PitchCar is a puck-flicking, car-racing game of skill and cunning for people as young as six and as old as can still walk around a table. It can get as tense as the Indy 500 without ever getting too serious to laugh about. It can be played as a race against everybody or a race between teams, as a polite game of luck and skill or a cutthroat game of strategic blocking and violent crashing. And there are at least as many ways to build it as there are to play.
The building part is wonderfully easy, though it just as easily can become a studied, exacting, and creative exploration. The tracks fit together with ease, like large jig-saw pieces. Grooves on the sides of the tracks easily accommodate flexible plastic rails. The basic set consists of 16 pieces of track: ten curving and six straight, 16 “safety barriers” – lengths of plastic railing, and eight cars (wooden pucks), each of a different color. There is also a sticker sheet used to decorate the pucks and create the start/finish line. This is enough for you to create ten different “circuits,” each a serious twelve-feet long. The “cars” are propelled by any appropriate finger-flick – though some may prefer a finger push or slide.
With a little imagination, and the select incorporation of pieces of cardboard, Popsicle sticks and other household miscellany, many different kinds of tracks can be build. And, if you can find any loose checker pieces or bottle caps, you can significantly expand the fleet. If you need a little more than your collective imagination has to offer, we’d strongly recommend that you consider the additional purchase of, say, PitchCar Extension 1.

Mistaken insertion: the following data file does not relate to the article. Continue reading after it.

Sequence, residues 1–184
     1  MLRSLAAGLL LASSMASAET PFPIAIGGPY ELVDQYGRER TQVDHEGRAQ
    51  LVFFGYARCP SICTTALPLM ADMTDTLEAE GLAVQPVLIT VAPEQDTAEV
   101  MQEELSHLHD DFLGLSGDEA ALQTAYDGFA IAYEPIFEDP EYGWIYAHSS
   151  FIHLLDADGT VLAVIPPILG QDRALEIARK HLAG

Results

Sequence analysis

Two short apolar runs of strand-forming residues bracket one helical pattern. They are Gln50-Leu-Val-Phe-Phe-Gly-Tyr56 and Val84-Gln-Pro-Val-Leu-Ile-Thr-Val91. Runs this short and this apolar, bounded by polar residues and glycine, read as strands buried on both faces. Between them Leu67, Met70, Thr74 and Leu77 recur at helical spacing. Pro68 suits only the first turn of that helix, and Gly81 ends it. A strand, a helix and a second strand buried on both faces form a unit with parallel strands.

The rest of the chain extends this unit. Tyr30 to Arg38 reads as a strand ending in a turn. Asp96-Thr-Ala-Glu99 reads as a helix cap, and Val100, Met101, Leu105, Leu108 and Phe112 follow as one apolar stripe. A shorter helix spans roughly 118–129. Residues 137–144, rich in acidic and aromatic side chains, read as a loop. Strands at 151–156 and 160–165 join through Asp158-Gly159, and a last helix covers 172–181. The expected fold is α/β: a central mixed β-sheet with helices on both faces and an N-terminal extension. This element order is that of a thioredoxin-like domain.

Designed by Jean du Poël, PitchCar is what people call an “heirloom game” – a term frequently used to describe a game, the purchase of which approaches a serious investment, and the promise of which is generation-spanning. It is easy enough to build and play to prove of interest to most first-graders, yet it can just as easily be made complex and challenging enough to be taken quite seriously by the mature gamer.
The designer also suggests two variations. One, called “The Pursuit,” is played by two players or two teams of players. One team starts ahead, the other tries to catch up. Another variant, “The Trash Variation,” players can try to knock each others’ cars off the track (in the standard game, you would lose a turn). These two variations hint at another dimension of the game that can be readily explored, namely, the rules. What if we played in teams of two, one player always trying to position their puck to block other players? What if we played in two different teams, started at the starting line, but each team driving in the opposite direction? How about if we each had two moves per turn? What would happen, wondered a few of our Tasters, if we had fashioned special sticks for puck propulsion. Could we become yet even more skilled, our control even that much more precise, the distance covered in a single turn even that much greater?
At a games party, PitchCar offers a welcome balance to the more serious and sedentary strategic entertainments. At the dining room table, it provides a rewarding after dinner, after homework opportunity for the whole family to relax and celebrate each other. Competitive without meaning anything important about anyone. Cooperation without becoming tedious. An invitation to experimentation and creativity. An opportunity for genuine, good-natured fun. Fun of just the right, as it were, pitch. Major FUN, that is.